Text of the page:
One of the most hotly debated topics in the world of music is who deserves the crown for the best tuba player in the world. We all have different tastes and different abilities, but the question can be broken into two camps.
The first camp is based on the subjective, and the second camp is based on the objective. Given the complexity of professional tuba playing, there is an undeniable amount of objective technique required.
But one cannot simply be declared “the best in the world” based upon a rote mastery of dry technique.
Rather, the best player in the world must demonstrate a comprehensive approach that not only encompasses the raw technique but also artistic judgment and soul.
If expertise was based on sheer mastery of the instrument alone, this would likely be a much shorter article. Few professional tubists have ever demonstrated a greater comprehensive understanding of their instrument than Øystein Baadsvik.
From the moment his 1992 album “Tuba Works” was released, it was clear that Øystein would quickly make a name for himself. While the majority of high-level tuba players rely heavily on mid-century American jazz influences, Øystein’s style can be better described as “classicly pure.”
This reenvisioning of what it means to be a master tubist is likely due to the relative isolation that represented so much of Baadsvik’s early experience with the instrument.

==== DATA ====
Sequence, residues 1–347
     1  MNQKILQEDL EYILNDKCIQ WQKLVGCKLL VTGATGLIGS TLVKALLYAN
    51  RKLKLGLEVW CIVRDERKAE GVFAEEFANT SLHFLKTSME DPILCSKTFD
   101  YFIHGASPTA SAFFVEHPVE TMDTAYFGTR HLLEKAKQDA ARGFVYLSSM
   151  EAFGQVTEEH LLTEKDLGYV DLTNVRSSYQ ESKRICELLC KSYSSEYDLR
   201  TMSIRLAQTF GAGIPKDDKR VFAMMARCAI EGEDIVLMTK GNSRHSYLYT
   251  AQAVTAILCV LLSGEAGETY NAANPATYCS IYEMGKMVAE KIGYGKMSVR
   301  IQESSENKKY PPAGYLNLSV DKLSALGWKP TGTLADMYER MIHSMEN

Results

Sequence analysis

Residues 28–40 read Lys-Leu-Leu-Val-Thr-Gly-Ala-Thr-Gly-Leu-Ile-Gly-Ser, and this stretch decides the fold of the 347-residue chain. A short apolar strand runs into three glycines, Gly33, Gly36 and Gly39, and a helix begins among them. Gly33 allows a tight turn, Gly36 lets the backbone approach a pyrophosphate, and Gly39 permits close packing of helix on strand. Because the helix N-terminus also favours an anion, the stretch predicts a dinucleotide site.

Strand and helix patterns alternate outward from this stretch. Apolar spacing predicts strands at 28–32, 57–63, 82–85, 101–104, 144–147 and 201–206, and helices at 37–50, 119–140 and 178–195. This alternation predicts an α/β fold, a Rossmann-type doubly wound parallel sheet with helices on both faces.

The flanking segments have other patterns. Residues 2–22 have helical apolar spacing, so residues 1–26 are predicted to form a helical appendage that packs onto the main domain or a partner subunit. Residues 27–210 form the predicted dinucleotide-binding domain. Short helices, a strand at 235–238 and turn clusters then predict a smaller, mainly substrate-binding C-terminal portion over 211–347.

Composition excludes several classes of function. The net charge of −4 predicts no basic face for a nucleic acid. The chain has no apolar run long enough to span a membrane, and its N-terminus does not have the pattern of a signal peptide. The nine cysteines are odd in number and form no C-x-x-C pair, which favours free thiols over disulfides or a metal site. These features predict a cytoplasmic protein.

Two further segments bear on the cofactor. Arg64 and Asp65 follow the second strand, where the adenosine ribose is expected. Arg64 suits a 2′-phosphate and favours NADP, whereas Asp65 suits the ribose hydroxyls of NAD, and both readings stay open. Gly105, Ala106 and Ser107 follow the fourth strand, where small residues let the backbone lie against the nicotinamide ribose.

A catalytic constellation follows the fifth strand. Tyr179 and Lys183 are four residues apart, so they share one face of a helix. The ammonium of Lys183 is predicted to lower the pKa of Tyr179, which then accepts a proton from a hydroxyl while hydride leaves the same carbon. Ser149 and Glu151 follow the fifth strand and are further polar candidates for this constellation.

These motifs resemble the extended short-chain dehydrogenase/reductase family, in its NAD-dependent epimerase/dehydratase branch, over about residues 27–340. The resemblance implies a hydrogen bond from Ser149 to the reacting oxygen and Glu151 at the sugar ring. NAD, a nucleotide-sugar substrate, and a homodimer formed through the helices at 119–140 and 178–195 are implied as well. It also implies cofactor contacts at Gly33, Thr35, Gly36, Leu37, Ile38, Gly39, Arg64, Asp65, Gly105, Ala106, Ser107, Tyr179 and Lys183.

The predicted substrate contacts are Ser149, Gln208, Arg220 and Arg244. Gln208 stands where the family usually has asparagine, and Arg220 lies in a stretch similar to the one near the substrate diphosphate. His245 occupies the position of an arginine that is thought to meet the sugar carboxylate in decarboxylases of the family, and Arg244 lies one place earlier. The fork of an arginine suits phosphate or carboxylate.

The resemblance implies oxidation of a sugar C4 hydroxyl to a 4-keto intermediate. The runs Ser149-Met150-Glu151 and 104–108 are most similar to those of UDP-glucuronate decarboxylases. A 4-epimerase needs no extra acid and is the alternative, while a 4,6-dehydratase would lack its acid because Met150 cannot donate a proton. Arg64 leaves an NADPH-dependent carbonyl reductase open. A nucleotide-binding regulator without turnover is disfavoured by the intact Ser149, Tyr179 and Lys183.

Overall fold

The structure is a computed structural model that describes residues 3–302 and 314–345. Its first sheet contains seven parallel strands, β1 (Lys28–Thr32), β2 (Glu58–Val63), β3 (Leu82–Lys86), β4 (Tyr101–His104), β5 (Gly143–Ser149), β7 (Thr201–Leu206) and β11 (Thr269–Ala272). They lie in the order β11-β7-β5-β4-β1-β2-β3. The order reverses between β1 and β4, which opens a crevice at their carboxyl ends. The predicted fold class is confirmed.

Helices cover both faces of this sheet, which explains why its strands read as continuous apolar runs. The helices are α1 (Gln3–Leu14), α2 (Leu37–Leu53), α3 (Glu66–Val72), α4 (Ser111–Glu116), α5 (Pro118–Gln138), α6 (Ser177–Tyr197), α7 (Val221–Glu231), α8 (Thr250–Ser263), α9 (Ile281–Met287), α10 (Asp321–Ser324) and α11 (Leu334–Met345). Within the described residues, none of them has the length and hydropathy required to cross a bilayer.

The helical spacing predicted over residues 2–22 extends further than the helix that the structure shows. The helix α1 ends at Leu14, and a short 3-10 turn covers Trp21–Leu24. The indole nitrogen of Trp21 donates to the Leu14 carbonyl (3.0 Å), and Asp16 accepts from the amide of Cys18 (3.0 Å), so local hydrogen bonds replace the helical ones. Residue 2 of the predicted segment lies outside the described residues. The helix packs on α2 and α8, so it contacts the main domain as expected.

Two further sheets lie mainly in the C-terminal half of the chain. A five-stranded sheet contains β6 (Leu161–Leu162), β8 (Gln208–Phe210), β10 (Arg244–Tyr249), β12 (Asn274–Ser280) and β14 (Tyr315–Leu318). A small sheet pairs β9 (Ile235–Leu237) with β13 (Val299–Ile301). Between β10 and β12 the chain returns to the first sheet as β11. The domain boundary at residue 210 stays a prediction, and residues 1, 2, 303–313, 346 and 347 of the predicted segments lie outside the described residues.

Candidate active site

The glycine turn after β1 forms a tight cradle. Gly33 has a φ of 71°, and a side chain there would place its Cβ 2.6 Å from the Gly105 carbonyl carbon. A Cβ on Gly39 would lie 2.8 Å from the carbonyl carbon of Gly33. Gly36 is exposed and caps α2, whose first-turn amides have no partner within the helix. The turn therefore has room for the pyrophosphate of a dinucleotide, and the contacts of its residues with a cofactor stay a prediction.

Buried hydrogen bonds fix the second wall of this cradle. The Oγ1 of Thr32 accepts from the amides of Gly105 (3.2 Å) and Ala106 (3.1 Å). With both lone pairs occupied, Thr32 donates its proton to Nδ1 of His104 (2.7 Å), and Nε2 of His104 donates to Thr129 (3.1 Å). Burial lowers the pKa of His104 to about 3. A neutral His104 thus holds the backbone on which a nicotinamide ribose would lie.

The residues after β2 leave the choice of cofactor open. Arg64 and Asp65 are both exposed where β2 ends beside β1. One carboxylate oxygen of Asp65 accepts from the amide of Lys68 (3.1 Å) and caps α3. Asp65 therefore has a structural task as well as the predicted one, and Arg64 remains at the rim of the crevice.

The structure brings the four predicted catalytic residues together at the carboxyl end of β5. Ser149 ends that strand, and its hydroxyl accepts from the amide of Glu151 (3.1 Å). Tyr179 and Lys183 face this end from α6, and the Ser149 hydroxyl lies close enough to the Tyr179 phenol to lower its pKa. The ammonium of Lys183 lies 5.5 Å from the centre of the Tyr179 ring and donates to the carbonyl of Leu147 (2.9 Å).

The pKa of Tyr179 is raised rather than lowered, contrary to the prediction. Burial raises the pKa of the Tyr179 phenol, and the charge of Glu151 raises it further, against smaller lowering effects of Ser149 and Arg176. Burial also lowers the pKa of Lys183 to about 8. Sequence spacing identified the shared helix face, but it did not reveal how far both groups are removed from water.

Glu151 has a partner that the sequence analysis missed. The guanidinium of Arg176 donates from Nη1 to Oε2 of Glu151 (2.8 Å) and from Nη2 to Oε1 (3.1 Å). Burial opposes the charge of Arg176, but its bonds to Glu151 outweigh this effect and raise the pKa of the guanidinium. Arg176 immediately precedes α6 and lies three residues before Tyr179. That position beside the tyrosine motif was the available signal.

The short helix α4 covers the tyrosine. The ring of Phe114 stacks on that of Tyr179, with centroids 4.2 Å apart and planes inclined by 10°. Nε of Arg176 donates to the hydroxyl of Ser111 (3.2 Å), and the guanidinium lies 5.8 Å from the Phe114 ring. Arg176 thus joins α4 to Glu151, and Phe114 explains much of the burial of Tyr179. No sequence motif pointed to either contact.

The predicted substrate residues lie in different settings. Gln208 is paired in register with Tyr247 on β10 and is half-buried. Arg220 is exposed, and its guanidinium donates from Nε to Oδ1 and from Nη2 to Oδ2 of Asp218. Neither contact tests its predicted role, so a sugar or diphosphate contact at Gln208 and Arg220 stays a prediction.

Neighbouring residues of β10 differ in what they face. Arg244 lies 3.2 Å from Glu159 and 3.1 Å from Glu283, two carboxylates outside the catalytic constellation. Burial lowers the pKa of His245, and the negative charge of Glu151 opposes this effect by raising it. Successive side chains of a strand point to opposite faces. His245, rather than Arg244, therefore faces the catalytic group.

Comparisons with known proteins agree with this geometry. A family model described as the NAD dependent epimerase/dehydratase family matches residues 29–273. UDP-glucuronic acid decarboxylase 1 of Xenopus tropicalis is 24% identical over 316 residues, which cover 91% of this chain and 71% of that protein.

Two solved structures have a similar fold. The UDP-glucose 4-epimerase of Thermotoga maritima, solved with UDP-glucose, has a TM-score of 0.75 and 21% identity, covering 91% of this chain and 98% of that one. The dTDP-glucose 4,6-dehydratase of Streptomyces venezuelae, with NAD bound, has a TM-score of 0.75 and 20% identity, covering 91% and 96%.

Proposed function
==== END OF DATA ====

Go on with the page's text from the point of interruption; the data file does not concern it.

Growing up in Norway, his exposure to more contemporary influences was extremely limited.
Thus, Øystein derived the bulk of his playing style from the techniques honed by baroque masters from central Europe.
These influences are far from hidden in his playing style. While modern tuba is marked by a larger “booming” tonality, Øystein delivers a subtlety to tuba that is sorely missing from many players.
From minute flourishes to elegantly stepped crescendos with startling accuracy, Øystein’s style is a unique one.
Thus, it is not surprising that in addition to his prestigious recording and performing career, he has also become renowned as a teacher of masterclasses. If mastery is judged by technique alone, a strong argument could be made for crowning Øystein Baadsvik with the title.
Whenever the topic of “best tuba player in the world” arises, it is only a matter of time before Roger Bobo’s name gets thrown into the ring. His almost universal appeal is likely due to the staggering influence he has had on the tuba community.
As the author of “Mastering the Tuba”, published by Editions Bim, his work is considered a seminal tome for any artist with an even vague interest in tuba. In keeping with his life long drive and stamina, he continues teaching his craft to this day at the Musashino Academy of Music in Tokyo.
However, while his impact on the educational methodologies of tubists cannot be understated, it is important to not overshadow his career as a performer.
Bobo’s tenure among world-class orchestras is extensive. However, few would argue that the definitive period of his career occurred during his time with the Los Angeles Philharmonic.